Medical liberty

The Supreme Court refused Monday to review a ruling that terminally ill patients have no constitutional right to be treated with experimental drugs — even if that means the patient is likely to die before the medicine is approved.

A federal appeals court, siding with the Food and Drug Administration, last year said the government may deny access to drugs that have not gone through extensive testing and been certified “effective” by the FDA. That process can take years.

One of the plaintiffs was Frank Burroughs, whose daughter Abigail was denied access to experimental cancer drugs and died in 2001. The drug she was seeking was approved years later.

The court suggested Congress could change the law to broaden such access. But this sets the default setting of the U.S. Constitution directly on its heads.

America’s founding documents neither say nor imply that everything starts out banned, that the government then gets to decide whether and when to “permit access” to a medical treatment.

There may be some legitimate call to keep treatments off the market which are — in and of themselves — deadly. But drugs can be found relatively safe — certainly safer than allowing a terminal disease to reach its natural conclusion — and still held off the market while the FDA spends years trying to determine whether they’re sufficiently “effective.”

That’s an unjustified government intervention. Giving government the power to decide which medical treatments are “allowed” presupposes an infallibility which is absurd, given the recurring revelations of “impartial doctors” sitting on these committees and then moving on to take fat retirement paychecks from the very pharmaceutical firms they’re supposed to be overseeing.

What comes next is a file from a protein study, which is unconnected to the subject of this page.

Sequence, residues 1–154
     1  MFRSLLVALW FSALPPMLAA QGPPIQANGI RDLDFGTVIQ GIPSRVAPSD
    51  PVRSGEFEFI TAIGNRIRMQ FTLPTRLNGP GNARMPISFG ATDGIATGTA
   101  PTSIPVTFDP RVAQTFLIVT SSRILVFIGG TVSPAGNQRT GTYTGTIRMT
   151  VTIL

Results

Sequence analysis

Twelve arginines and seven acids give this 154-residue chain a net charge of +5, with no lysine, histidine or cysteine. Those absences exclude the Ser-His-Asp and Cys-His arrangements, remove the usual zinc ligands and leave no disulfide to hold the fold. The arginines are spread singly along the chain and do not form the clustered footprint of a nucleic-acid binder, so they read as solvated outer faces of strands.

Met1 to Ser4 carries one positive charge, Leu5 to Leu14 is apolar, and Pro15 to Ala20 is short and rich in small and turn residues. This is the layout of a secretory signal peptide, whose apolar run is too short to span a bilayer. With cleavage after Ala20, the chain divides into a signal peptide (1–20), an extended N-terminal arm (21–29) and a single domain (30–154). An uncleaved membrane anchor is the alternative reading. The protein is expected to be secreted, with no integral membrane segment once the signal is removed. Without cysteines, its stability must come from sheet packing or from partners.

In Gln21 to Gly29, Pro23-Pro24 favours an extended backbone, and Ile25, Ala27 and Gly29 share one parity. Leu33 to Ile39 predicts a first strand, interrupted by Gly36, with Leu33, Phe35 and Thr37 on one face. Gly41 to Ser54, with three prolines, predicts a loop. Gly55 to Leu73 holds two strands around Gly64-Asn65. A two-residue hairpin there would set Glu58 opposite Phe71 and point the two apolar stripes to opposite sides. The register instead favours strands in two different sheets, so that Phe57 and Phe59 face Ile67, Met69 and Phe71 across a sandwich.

Beyond that, there’s the fact that many less toxic treatments — natural herbs and vitamins, for instance — never make it into the pipeline for government testing and “approval,” since winning FDA approval takes millions of dollars, and no one stands to make back such an investment by submitting for testing some natural, less toxic herbal regime that can never be patented.

Benjamin Rush, the only medical doctor to sign the Declaration of Independence, warned that “Unless we put medical freedom into the Constitution, the time will come when medicine will organize into an underground dictatorship. … To restrict the art of healing to one class of men and deny equal privileges to others will constitute the Bastille of medical science. All such laws are un-American and despotic and have no place in a republic. … The Constitution of this republic should make special privilege for medical freedom as well as religious freedom.”

The court has been known to discover new rights, unknown to the founders, in shadows and penumbras. But here’s an actual, pre-existing right the founders knew about, but failed to articulate and enumerate only because they naively figured it was so obvious that there was no need.

The court should have accepted this case, as an opportunity to remedy that omission.


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